Tuesday, May 12, 2015

Could Your Child Contact You in an Emergency?



Your child's ability to say your phone number is not only developmentally appropriate around the age of 4 or 5, but it's a safety issue too.

I was talking with some mom friends the other day and one recalled a recent incident where her daughter (we'll call her E2 because that is one of her nicknames!) needed to use this skill. E2 was playing on a playground at a theme park with a friend and the parents were talking on one side of the playground. The two friends went down a slide and ended up on the other side of the playground and couldn't find their parents. A friendly adult saw that they were lost and was about to get an employee to help but E2 said "I know my dad's phone number, we could call him." With that information, this adult allowed her to use a cell phone, she called her dad and the families were reunited with no stress or fanfair!

Could your child call you if they were lost?

It is a long number but is broken into three chunks (if you use 10 digit dialing like we do here, only two chunks if you use 7 digit dialing). You can teach the sets individually and then put them together. Or you can try the whole thing all at once. Repetition is important, even after your child knows it. Practice frequently! When a child is stressed (and getting lost is an emergency that causes stress!), even familiar information can be difficult to remember.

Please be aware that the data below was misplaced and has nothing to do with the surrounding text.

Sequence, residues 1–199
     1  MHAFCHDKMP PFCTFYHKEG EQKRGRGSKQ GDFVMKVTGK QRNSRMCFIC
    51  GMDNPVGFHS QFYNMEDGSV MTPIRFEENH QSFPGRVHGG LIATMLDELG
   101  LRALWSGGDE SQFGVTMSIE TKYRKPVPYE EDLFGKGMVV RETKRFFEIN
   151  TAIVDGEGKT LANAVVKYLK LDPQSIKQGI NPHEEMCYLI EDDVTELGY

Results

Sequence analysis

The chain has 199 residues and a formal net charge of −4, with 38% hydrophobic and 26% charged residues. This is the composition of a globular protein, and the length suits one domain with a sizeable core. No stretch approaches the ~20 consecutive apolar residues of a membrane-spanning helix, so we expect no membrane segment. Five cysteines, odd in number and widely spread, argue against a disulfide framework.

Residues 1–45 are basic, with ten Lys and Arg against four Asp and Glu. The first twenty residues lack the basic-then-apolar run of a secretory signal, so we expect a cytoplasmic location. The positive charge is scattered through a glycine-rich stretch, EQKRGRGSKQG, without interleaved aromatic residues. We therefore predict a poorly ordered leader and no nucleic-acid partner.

My Phone Number Song


A fun way to practice your phone number is in a song. The 10 digits fit nicely into the tune of "Are You Sleeping." Here is a pretend number phone (originally I had my cell number there but decided against it!)

"407 - 407
123 - 123
4567 - 4567
That's mom's cell! That's mom's cell"



I practiced with Big Sister by first singing the whole song to her. Then, on the second round I sang the first part and she did the echo. We sang it that way quite a few times. After that I'd hum the tune and she would sing.

Now, she doesn't need to use the song, she just says the number.


I feel so much better knowing that if she got lost, she could call me!


If your child is struggling with this skill after practicing for a few weeks, pause and come back to it. Point out all of the times that you use it and instead of using your "Favorites" to call home, actually type in the numbers calling them out as you tap the buttons. You can have your child dial it as you say it to her. Or dial as many digits as she knows and then you help her finish by telling the next numbers.


It's always better to learn why something is important to know than to just be told that you need to know it. Make it a practical, real life skill. And make it fun!

Have fun singing! Do you know any other tunes that work well with phone numbers?









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